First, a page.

Emsam is a brand name of the drug selegiline. Selegiline is a selective, irreversible MAO inhibitor that’s used to treat Parkinson’s disease (PD) and some forms of depression. Selegiline was discovered in the early 1960s when doctors noticed that tuberculosis patients taking the drug iproniazid experienced an elevated mood. They could track these effects back to the drug’s MAO-inhibiting effects.
Emsam increases the expression the neurotransmitters dopamine and norepinephrine. Selegiline is different from older generation MAO inhibitors in that it targets MAO-B pathways while neglecting MAO-A pathways. This results in fewer complications and milder side effects. However, like first-generation MAO inhibitors, Emsam’s effects are irreversible. This means that even after the patient stops taking Emsam, the brain will continue to inhibit the breakdown of certain neurotransmitters in the brain. In high doses, selegiline loses its MAO-B specificity and begins to target both MAO-A and MAO-B pathways.
Emsam is taken orally when used as a treatment for Parkinson’s disease. Selegiline is often used in conjunction with L-DOPA, a protein that functions as a precursor to the neurotransmitter dopamine. Treating Parkinson’s patients with both L-DOPA and Emsam allows doctors to reduce the necessary dose of L-DOPA.
Researchers have created a transdermal patch form of the drug for treatment of depression. The majority of the side effects of selegiline are due to dopamine levels becoming too high. Side effects of the pill form of Emsam may include confusion, depression, nausea, insomnia, hallucinations, poor balance, involuntary muscle movements, slow or irregular heart rate, delusions, chest pain, and syncope (fainting). Common side effects of the patch include insomnia, sore throat, diarrhea, and agitation of the skin at the patch site.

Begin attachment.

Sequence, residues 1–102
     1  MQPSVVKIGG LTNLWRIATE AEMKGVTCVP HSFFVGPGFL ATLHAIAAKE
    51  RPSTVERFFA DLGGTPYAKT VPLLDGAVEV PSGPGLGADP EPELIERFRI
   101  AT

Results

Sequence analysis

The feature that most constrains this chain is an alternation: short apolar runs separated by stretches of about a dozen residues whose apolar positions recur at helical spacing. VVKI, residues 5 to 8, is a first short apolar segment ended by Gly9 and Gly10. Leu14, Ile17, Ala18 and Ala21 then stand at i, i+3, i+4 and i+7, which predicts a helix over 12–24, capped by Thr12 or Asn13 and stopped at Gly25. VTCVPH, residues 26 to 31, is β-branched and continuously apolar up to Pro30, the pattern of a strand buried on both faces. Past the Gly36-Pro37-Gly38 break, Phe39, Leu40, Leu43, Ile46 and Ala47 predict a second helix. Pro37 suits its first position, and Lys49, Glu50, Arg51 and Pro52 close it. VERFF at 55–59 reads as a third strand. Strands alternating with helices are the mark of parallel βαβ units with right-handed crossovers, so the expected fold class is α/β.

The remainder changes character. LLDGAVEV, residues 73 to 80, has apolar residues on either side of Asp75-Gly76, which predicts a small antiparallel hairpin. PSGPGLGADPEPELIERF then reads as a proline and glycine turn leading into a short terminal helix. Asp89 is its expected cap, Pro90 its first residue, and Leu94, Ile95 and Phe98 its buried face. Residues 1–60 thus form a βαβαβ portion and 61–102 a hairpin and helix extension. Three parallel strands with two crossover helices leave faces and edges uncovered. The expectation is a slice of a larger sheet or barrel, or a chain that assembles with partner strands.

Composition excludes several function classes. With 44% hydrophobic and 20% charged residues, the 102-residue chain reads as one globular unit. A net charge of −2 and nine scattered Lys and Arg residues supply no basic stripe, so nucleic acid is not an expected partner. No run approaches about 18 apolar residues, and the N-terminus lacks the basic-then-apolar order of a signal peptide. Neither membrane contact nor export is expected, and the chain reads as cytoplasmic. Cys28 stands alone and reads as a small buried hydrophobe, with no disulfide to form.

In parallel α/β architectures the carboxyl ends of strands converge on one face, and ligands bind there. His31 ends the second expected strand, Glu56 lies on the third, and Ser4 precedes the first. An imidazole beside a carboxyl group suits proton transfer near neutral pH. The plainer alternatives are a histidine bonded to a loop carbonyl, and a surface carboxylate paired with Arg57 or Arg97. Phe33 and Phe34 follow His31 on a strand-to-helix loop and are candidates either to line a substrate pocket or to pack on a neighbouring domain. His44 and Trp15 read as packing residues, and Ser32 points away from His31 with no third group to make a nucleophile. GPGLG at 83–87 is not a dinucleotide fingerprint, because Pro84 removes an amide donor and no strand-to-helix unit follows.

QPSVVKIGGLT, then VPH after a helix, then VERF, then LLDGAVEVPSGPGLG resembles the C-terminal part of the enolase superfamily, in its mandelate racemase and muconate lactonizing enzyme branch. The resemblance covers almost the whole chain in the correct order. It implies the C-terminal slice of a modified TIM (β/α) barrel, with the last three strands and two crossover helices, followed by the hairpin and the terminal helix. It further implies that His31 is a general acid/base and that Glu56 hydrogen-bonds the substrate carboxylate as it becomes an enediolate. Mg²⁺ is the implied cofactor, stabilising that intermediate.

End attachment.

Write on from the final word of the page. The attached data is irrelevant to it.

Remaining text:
Emsam, like all MAO inhibitors, should not be mixed with foods or alcohol that contain the nutrient tyramine. When selegiline combines with high levels of tyramine, it can lead to a hypertensive crisis. Individuals on a low dose of the patch are able to continue consuming tyramine-containing foods. Patients taking higher doses are advised to eat a low-tyramine diet.
MAO inhibitors like selegiline aren’t considered to be psychologically addictive by either the medical community or the federal government. Cessation of selegiline treatment does not result in drug cravings, as is the case with addictive substances like benzodiazepines and opioids. Emsam has low rates of withdrawal symptoms compared to other MAO inhibitors. Some MAO inhibitors can cause amphetamine-like mania during discontinuation of the drug. Discontinuing use of selegiline comes with no such side effects, but can lead to increased feelings of depression.
MAO inhibitors like selegiline can take two to three weeks before the body’s metabolic processes have adjusted to no longer processing the drug. During this time, patients may experience an increase in depression. This adjustment period can last longer for some. Patients who had been taking Emsam for over a year are more likely to experience an increase in depressive symptoms upon cessation of treatment.
Withdrawal symptoms like increased depression tend to be worse in patients who abruptly discontinue use of selegiline. Speak with your doctor if feelings of depression begin to return or if side effects begin to get worse. It’s never advisable to miss doses of selegiline without first consulting your doctor. Your doctor will attempt to minimize the negative effects of discontinuation syndrome by gradually reducing the doses over time.
For patients that have been taking Emsam for a long time, discontinuing treatment can take anywhere from a couple of months to over a year. During this time, doses will be decreased at small intervals every few weeks until doses are stopped entirely. Your doctor may choose to increase doses of the protein L-DOPA during the discontinuation phase to offset the inevitable decrease in dopamine expression that comes with stopping selegiline treatment.
Emsam Signs, Symptoms and Side Effects
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